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St. John’s celebrates 100-year anniversary of first non-stop transatlantic flight

The Vickers Vimy aircraft of Captain John Alcock and Lieutenant A.W. Brown ready for trans-Atlantic flight, Lester's Field, St. John's on June 14, 1919. .
The Vickers Vimy aircraft of Captain John Alcock and Lieutenant A.W. Brown ready for trans-Atlantic flight, Lester's Field, St. John's on June 14, 1919. . The Canadian Press/National Archives of Canada

Friday will see St. John’s commemorate the 100-year anniversary of the first non-stop flight across the Atlantic Ocean, which took off from Newfoundland.

British aviators John Alcock and Arthur Brown started their historic voyage on June 14, 1919.

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They departed from what is now St. John’s and flew 16 hours through harsh conditions before landing in Ireland.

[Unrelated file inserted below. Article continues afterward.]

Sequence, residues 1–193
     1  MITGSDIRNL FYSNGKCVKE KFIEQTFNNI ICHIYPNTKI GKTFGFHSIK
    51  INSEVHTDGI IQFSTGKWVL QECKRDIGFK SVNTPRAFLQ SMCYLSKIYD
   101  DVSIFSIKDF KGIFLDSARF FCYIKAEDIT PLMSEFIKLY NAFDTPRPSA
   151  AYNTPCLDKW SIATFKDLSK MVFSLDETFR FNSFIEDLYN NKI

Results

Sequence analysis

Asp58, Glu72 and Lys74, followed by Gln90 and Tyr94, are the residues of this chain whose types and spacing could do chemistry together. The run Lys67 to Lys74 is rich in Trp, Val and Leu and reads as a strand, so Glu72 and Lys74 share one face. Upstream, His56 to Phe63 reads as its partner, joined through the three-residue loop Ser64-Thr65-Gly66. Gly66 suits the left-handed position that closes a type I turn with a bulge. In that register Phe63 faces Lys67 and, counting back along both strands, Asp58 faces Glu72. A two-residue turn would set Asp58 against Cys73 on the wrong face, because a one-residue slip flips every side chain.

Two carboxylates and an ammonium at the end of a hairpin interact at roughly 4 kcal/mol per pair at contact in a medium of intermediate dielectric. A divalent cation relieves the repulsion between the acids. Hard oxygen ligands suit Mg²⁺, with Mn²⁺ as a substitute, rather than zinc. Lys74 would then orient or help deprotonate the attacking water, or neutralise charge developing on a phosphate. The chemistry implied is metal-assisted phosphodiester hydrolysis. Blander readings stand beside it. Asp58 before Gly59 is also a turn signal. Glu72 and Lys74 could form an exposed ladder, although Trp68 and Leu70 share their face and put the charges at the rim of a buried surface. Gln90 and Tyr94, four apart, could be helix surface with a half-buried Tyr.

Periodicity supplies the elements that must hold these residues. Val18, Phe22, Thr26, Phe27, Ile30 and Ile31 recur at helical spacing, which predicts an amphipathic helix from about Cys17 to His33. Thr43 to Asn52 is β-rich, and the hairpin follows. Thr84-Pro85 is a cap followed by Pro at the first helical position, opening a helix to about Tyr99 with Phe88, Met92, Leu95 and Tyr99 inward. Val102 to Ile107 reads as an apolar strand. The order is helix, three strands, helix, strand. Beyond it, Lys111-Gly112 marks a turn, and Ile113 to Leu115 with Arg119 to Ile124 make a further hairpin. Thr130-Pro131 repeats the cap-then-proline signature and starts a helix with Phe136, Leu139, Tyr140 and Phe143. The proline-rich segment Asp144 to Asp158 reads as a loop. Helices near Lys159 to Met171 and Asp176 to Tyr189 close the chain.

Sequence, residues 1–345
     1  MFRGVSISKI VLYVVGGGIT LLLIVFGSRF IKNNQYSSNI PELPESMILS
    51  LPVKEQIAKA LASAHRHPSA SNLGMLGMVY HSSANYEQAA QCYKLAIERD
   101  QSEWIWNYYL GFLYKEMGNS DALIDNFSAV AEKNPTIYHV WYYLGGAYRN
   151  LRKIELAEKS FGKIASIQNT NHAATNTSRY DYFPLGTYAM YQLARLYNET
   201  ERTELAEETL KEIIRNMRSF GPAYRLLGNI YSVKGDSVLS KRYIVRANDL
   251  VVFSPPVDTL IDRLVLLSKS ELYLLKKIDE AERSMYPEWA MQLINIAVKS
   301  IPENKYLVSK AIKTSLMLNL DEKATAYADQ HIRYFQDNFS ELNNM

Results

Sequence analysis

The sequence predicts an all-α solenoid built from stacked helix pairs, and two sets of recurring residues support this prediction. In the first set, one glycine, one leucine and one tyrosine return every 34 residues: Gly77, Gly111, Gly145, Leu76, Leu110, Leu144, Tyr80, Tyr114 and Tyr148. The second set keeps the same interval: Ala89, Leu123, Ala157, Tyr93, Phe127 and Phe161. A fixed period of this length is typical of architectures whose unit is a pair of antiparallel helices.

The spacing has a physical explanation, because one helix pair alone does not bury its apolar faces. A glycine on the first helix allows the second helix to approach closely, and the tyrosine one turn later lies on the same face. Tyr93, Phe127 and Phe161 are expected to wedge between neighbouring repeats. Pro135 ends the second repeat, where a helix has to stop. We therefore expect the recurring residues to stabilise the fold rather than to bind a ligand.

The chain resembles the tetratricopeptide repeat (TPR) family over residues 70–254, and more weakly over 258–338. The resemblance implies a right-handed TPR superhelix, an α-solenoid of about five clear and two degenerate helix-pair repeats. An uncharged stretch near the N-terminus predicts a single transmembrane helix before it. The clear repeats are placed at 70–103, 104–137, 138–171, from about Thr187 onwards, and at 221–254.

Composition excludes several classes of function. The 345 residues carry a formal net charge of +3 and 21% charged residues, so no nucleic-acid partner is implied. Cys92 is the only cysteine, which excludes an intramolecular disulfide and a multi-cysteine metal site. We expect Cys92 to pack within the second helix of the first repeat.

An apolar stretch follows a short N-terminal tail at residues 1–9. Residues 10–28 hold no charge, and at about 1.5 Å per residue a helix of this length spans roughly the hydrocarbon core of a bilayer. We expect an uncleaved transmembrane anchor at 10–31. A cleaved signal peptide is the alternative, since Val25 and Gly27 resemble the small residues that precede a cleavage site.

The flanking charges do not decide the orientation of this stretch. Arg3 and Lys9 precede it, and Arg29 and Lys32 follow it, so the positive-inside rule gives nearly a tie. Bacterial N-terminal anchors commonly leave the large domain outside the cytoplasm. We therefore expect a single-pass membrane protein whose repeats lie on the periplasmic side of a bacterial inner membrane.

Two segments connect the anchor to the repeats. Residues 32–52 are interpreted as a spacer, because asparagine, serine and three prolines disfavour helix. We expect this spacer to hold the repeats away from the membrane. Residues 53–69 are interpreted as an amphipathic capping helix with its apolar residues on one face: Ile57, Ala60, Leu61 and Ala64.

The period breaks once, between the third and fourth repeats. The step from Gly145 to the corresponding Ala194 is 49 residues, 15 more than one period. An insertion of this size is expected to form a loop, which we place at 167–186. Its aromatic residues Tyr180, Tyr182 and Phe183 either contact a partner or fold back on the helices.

Gary Hebbard, who writes on aviation history, says the flight shaped international air travel as it is known today.

Museum exhibits, re-enactments and aircraft displays began in St. John’s in May to celebrate the pair’s achievement and the province’s aviation history.

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Remembering the 17 victims of Cougar Flight 491
Remembering the 17 victims of Cougar Flight 491

John Alcock’s nephew, Tony Alcock, spoke to a crowd in St. John’s last month about the lessons of teamwork and resilience that can be drawn from the historic flight.

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